Current as of April 15, 2009
I recall telling you soon after the beginning of the semester that I recognized that we all wanted a greater degree of clarity and certainty in terms of our budget for both this year and next year, so each of us could plan accordingly, rather than dealing with only uncertainty and conflicting signals from Columbia.
Lest you think things have improved, let me quote from an Associated Press report distributed to state news organizations just last night, summing up the day’s events quite accurately:
COLUMBIA, S.C. -- Senators have resumed drafting a budget without $350 million in federal stimulus cash that Gov. Mark Sanford is refusing to request, even though they warn spending cuts for education, health care and other programs will leave "blood all over the floor."
Senate Corrections Chairman Mike Fair, R-Greenville, is filing a bill this week that would release prisoners early as one cost savings. That bill would leave the decision to close three prisons and free up to 3,100 prisoners early in Sanford's hands as a way of grappling with more budget cuts.
The closures are intended to help the Corrections Department come up with $21 million in savings to address an extra 7.4 percent in budget cuts - and those are on top of a deficit rising to $50 million in the current budget year, Fair said.
"That's survival," Fair said. "Good luck to all of us."
Separately, a handful of Sanford allies were wrapping up work on a compromise budget with help from Sanford staff, but weren't ready to provide details….
[Senate Finance Committee Chairman Hugh] Leatherman told his committee that without the money Sanford can request, he would write a bare-bones budget that will leave "blood all over the floor."
Since the current fiscal year began in July, $1 billion was cut from what started as a $7 billion budget as the recession hammered consumer spending. It's taken a toll mostly on education and health care spending while most agencies have lost a fifth or more of their budgets. …
Leatherman, for instance, is planning to write a second spending bill that shows how the state will use federal stimulus cash if it becomes available. That approach keeps expected court battles over spending the stimulus money from entangling the main budget….”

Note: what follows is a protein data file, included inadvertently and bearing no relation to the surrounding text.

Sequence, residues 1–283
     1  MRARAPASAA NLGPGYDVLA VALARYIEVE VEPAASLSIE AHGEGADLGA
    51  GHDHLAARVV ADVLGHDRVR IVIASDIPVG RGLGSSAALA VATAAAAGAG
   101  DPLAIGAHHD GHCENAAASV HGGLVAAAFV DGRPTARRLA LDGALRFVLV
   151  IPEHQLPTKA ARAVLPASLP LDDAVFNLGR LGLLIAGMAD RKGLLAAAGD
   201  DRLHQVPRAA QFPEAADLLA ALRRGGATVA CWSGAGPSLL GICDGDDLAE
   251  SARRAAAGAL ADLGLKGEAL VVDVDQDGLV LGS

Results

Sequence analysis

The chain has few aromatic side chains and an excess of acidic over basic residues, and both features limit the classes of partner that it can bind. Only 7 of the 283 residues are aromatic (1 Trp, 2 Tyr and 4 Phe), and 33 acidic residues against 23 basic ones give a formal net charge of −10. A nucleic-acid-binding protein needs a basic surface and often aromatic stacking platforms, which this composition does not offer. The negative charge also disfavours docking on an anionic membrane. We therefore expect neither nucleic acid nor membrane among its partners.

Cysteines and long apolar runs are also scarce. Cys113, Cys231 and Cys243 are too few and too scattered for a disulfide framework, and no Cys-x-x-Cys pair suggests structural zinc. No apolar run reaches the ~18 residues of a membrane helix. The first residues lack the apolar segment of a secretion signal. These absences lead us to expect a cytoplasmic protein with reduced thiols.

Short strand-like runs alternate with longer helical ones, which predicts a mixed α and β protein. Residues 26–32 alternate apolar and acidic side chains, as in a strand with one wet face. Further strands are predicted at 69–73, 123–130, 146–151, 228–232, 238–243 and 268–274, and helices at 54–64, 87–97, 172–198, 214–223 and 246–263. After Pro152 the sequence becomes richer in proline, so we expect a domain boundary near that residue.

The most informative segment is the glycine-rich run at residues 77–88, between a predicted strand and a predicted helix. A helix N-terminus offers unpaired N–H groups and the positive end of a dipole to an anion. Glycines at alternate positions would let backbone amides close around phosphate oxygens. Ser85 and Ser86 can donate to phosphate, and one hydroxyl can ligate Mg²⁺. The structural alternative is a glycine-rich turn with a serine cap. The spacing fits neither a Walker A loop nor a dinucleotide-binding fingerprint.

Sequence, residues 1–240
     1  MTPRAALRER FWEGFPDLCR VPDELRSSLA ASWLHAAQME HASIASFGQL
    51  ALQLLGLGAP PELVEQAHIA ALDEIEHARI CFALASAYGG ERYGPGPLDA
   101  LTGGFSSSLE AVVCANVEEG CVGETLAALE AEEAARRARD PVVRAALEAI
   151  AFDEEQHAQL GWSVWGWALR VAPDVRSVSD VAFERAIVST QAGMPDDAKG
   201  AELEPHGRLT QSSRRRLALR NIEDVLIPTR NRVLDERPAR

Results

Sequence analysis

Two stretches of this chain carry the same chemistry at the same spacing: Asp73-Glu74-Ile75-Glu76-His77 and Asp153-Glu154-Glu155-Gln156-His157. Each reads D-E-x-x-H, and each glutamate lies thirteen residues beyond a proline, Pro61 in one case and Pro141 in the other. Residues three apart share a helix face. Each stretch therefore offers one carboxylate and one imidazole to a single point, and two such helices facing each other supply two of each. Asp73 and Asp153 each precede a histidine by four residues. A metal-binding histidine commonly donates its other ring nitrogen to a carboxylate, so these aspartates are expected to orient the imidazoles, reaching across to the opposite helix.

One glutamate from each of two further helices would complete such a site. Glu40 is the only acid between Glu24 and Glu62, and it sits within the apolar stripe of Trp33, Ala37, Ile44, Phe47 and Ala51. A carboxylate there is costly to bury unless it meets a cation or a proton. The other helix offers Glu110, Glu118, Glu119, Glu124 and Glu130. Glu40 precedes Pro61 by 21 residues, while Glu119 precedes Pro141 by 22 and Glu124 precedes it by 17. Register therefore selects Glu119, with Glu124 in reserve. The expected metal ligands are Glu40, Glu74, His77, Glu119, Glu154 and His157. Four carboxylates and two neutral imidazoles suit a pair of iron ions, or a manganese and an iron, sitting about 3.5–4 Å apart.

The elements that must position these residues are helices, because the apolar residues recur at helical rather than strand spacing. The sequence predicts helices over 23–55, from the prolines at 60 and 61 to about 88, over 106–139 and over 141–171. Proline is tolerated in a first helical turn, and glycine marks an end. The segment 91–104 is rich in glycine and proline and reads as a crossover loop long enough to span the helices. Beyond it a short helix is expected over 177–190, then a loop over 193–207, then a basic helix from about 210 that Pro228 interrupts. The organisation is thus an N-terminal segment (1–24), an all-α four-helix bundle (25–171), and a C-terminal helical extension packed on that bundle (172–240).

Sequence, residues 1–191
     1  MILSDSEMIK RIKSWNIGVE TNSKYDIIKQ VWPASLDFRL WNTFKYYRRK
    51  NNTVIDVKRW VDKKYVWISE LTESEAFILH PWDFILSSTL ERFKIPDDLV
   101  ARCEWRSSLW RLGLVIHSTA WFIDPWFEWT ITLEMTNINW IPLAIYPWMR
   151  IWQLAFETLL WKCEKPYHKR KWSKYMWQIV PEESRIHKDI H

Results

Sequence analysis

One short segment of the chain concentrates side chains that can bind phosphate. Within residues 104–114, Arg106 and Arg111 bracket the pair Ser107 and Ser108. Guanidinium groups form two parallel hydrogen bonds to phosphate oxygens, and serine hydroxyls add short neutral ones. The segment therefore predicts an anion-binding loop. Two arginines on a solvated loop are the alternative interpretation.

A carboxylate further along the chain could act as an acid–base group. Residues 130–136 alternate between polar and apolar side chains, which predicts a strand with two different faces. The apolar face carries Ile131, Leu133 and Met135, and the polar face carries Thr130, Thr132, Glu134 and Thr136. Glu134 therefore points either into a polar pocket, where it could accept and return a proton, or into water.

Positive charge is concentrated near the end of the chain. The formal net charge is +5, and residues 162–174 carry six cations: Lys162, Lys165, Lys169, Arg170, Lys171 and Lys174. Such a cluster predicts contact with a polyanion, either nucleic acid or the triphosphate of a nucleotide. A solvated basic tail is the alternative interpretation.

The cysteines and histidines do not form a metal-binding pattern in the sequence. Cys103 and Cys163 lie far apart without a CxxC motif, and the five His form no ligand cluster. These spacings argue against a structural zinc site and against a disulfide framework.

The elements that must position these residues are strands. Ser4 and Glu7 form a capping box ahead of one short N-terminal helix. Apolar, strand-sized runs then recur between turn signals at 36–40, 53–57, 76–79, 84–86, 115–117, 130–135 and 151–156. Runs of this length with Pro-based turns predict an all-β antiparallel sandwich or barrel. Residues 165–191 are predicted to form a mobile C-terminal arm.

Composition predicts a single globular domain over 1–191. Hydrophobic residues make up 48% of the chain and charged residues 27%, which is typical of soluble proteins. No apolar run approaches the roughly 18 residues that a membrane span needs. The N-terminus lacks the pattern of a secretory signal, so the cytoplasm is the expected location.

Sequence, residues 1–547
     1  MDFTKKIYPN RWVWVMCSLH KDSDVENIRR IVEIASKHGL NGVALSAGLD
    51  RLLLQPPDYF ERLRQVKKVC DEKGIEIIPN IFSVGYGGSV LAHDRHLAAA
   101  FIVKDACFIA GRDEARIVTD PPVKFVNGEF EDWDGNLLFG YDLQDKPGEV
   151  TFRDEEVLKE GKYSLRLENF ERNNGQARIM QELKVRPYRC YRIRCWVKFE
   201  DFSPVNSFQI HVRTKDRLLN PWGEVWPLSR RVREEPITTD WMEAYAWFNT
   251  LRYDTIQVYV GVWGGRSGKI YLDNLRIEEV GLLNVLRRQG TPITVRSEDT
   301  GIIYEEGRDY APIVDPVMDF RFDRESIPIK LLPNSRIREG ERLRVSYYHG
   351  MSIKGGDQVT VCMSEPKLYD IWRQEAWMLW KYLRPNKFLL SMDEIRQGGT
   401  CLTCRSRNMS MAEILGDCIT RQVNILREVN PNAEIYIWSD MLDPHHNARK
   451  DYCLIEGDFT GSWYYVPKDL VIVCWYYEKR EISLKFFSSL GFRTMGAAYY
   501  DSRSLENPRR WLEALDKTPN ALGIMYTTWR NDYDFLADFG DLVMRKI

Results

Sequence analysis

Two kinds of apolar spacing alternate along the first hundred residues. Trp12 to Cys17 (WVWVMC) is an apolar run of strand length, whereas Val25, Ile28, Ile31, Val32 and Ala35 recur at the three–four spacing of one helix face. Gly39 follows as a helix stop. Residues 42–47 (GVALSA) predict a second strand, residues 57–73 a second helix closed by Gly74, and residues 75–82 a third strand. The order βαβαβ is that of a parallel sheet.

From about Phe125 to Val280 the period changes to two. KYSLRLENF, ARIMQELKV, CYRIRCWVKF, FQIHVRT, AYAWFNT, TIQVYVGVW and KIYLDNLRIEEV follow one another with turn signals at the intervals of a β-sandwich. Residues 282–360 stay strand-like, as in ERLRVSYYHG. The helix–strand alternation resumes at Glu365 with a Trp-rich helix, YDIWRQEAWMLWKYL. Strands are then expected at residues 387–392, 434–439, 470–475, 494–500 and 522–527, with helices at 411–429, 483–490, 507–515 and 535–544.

As I shared with you last week, we were told the week of April 3 that without the stimulus funds, Winthrop could expect to see another appropriation reduction of at least $1.3 million for next year -- on top of all the reductions this year that would be carried over into the budget that begins July 1. That would reduce our state appropriation by over $7.1 million (34.4 percent) from its level this time last year.
Yesterday, we were told that might not be the full extent of our reductions. If some areas of the budget are held harmless from cuts for health and safety reasons, higher education’s cuts could be even deeper – as much as 42 percent below last year’s funding.
As you know, many across the state have urged Governor Sanford to accept and approve use of $350 million in federal stimulus funds as they were intended to be used by Congress: to support K-12, higher education and public safety during a time of economic crisis and South Carolina’s skyrocketing unemployment rate will not be made even worse. But the governor insists he will do that only if state lawmakers use equivalent state funds to pay down debt. Legislators reasonably have noted there are not state revenues coming into state coffers sufficient to do that – if they were receiving that level of revenues, they would use them to fund the budget in the first place and wouldn’t even need the stimulus funds. And, they point out, South Carolina’s debt level is far less burdensome than many other states already, so directing funds to that cause makes no sense in such circumstances.